Mary Stielow pisze po zakończeniu Sydney Festival 2013, w którym uczestniczyło 750 artystów z 17 krajów i ponad pół miliona widzów:
From a giant rubber duck in Darling Harbour to a Handel-Westwood opera feast, the 2013 Sydney Festival truly had something for everyone. With a vast array of cultural and entertaining offerings across Sydney, our Festival reached well over half a million people directly and many more online across the globe. The Festival team made a point of underlining our unique ability to activate unusual and often surprising spaces and sites and featuring live music across the dance and theatre program.
Festival highlights included the fashion-meets-baroque project Semele Walk; the world premiere of compelling local story The Secret River; hot Latin circus troupe Circolumbia with URBAN at the Parramatta Riverside Theatre; the About an Hour series, now presented as one jam-packed weekend of theatrical discoveries at Carriageworks; Heiner Goebbels’ return to Sydney with the magical Eraritjaritjaka; the riveting Irish dance concert Rian; Cantina’s quirky physical theatre at The Famous Spiegeltent; the residency of Malian singer Rokia Traore; uplifting concerts by Archie Roach; and the new Paradiso bar and live music venue at Sydney Town Hall.
Audiences and press alike lauded the Festival for its transformative power to change the ordinary into the extraordinary and claim everyday spaces with the festival program. Paradiso and Semele Walk showed different aspects of Sydney Town Hall, the Australian world premiere Concrete & Bones celebrated Dulwich Hill Skate Park; Carriageworks and the surrounding neighbourhood felt the buzz of About an Hour, Song Dong’s Waste Not and the Micro Parks project; and multi-media installations Chronometer and Notes for Walking were set in unique north-shore sites.
The 2013 Sydney Festival stretched geographically from Chatswood to Sutherland and from Bondi Beach to Penrith. Our Honda Festival Garden transformed the centre of the city, whilst our most unusual festival site undoubtedly was the apex of the largest Opera House sail, which saw a Dawn Calling by alphorn player Arkady Shilkloper. Sydney Festival returned to Parramatta for a 13-day program with top international and local artists including Circolumbia, Kashmere Stage Band and a diverse line-up in the Parramatta Spiegeltent, with record attendances across the program.
Sydney Festival 2013 presented a mix of 66 ticketed and 26 free events. Our new Day One: An opening in three acts presented community entertainment, a family spectacle welcoming Sydney’s big yellow friend, Rubber Duck, and the by now traditional chance to dance the night away at The Domain, which also hosted our traditional Symphony and Summer Sounds concerts. Parramatta saw the return of our successful Parramatta Opening Party, with numerous installations, free concerts and DJ sets.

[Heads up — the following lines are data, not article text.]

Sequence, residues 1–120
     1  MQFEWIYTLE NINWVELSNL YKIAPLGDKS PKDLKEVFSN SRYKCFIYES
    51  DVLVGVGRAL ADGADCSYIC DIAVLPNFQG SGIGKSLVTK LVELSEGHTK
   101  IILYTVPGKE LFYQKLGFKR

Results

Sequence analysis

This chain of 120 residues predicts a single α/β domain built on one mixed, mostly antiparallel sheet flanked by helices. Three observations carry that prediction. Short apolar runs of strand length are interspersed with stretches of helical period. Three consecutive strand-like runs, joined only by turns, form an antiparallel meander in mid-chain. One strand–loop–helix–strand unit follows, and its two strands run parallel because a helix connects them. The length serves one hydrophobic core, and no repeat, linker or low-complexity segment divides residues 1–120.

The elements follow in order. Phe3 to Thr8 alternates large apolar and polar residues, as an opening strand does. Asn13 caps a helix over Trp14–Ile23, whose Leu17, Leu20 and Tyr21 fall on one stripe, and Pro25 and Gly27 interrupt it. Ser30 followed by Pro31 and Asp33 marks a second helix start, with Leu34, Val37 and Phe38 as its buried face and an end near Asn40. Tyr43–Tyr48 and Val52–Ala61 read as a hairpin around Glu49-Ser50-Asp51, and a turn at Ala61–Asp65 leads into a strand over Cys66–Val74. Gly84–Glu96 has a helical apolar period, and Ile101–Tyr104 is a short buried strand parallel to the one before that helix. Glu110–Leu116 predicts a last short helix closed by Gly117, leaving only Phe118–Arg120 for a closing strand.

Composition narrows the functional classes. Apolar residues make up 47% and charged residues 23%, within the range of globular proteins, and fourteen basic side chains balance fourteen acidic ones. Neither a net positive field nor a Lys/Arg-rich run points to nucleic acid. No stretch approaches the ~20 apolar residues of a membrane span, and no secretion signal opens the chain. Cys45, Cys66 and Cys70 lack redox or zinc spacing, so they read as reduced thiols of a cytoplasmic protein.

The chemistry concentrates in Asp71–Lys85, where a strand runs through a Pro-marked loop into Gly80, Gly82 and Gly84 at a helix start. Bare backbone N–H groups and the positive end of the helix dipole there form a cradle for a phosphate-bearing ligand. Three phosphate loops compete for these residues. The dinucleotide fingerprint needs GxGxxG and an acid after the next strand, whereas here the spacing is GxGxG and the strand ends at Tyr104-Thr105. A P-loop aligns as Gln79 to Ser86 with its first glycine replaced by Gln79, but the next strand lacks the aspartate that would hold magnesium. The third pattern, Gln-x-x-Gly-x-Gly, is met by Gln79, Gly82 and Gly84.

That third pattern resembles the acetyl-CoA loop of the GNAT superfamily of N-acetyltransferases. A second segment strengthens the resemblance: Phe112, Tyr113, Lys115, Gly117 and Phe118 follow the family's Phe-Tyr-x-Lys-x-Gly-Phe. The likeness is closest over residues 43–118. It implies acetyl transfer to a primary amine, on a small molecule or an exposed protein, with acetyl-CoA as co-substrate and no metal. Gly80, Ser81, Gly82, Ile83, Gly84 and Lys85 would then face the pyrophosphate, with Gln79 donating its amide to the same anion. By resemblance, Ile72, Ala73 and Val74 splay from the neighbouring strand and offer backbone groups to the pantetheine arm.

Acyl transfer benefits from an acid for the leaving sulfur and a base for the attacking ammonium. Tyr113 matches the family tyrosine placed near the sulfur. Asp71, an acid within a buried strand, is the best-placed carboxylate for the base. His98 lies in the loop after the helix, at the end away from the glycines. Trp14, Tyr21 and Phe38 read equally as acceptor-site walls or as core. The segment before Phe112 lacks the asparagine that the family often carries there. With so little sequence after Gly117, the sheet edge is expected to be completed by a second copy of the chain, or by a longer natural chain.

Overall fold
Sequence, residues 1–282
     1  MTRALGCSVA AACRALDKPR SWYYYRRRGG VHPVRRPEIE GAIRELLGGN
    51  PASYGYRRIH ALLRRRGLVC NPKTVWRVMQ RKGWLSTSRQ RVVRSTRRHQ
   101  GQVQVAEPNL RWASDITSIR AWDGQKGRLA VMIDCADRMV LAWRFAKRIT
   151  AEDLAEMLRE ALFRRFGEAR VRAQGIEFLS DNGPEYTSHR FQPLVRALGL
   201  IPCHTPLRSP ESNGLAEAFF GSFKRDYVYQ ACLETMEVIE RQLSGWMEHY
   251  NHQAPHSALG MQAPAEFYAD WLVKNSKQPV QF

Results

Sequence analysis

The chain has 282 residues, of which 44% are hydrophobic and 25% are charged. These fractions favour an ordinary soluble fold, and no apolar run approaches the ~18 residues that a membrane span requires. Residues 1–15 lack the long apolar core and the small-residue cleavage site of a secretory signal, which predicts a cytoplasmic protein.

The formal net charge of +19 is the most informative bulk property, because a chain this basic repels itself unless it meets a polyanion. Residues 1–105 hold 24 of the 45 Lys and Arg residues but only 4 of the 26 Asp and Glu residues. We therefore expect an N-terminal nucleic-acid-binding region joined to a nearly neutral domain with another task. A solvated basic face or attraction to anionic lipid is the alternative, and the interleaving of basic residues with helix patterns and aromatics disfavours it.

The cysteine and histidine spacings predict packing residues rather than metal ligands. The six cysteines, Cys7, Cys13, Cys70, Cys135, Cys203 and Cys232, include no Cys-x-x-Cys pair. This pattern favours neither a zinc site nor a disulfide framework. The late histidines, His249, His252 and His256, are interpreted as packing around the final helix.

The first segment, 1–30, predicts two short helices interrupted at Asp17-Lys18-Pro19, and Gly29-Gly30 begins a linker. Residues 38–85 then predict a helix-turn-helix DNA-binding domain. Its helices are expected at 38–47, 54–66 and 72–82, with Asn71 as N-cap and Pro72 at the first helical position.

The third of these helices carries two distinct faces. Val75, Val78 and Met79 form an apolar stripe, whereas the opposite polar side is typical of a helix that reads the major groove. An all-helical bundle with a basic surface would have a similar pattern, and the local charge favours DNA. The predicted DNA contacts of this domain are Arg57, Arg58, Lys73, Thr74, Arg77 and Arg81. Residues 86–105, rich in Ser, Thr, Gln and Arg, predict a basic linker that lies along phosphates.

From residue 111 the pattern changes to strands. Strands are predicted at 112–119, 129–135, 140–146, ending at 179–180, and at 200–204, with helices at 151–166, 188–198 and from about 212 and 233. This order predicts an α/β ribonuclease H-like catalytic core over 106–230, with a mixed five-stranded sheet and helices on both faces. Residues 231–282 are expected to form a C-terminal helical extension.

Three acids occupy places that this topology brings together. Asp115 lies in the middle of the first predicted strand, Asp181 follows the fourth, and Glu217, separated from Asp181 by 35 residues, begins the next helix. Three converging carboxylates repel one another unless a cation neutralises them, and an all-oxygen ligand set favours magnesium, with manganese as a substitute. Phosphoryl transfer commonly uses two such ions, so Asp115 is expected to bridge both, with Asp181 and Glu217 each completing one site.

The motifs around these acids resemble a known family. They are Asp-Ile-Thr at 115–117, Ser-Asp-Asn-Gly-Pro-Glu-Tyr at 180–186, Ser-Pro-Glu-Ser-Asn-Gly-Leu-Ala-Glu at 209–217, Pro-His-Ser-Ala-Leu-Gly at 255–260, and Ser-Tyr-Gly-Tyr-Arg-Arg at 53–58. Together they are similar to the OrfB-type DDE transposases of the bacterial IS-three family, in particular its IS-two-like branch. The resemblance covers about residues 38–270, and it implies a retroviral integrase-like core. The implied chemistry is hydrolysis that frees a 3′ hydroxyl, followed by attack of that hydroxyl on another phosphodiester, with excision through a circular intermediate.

The real-life success of many of our projects was matched by unprecedented international coverage and online presence. Rubber Duck was a sensation on the ground and online with Instagram, Facebook and Twitter feeds filled with images and spectacular headline news coverage in print and A/V media from London to Zambia and New York to Kazakhstan. Only a short time later, it was the iconic image of our alphorn Dawn Calling on top of Sydney Opera House that went around the world.
At the time of writing, Sydney Festival counted 121 sold out performances and a gross box office of more than $7.3m. Over 120,000 tickets were sold across 321 ticketed performances. The Festival included 10 world premieres, 3 Australian premieres and 25 Australian exclusives, with more than 750 artists coming from 17 different countries, reaching an audience of more than 500,000 people across 23 days.
“Sydney Festival embraced its catch line This is Our City in Summer with a diverse and buoyant program.” said Festival Director Lieven Bertels. “The artists, the Festival team and hundreds of volunteers brought to life an ambitious program that delighted our audiences with small and big surprises. We were pleased to see our quest to bring back opera and highlight the joy of live music in dance and theatre, as well as in a concert format, was well-received.”
Sydney Festival 2013 was made possible through the generous core and special funding from its principal stakeholders the NSW Government -supporting the Festival through Arts NSW and Destination NSW- alongside the City of Sydney and the Parramatta City Council. The Festival was delighted to see the return of principal sponsor ZIP Industries and leadership partners ANZ and China Southern Airlines. Sydney Festival acknowledges the increased and ongoing support of many private donors including our Directors’ Circle. The Festival especially thanks the Balnaves Foundation.
The 2013 Festival was the first of three festivals to be directed by Lieven Bertels.
Mary Stielow, Publicity Manager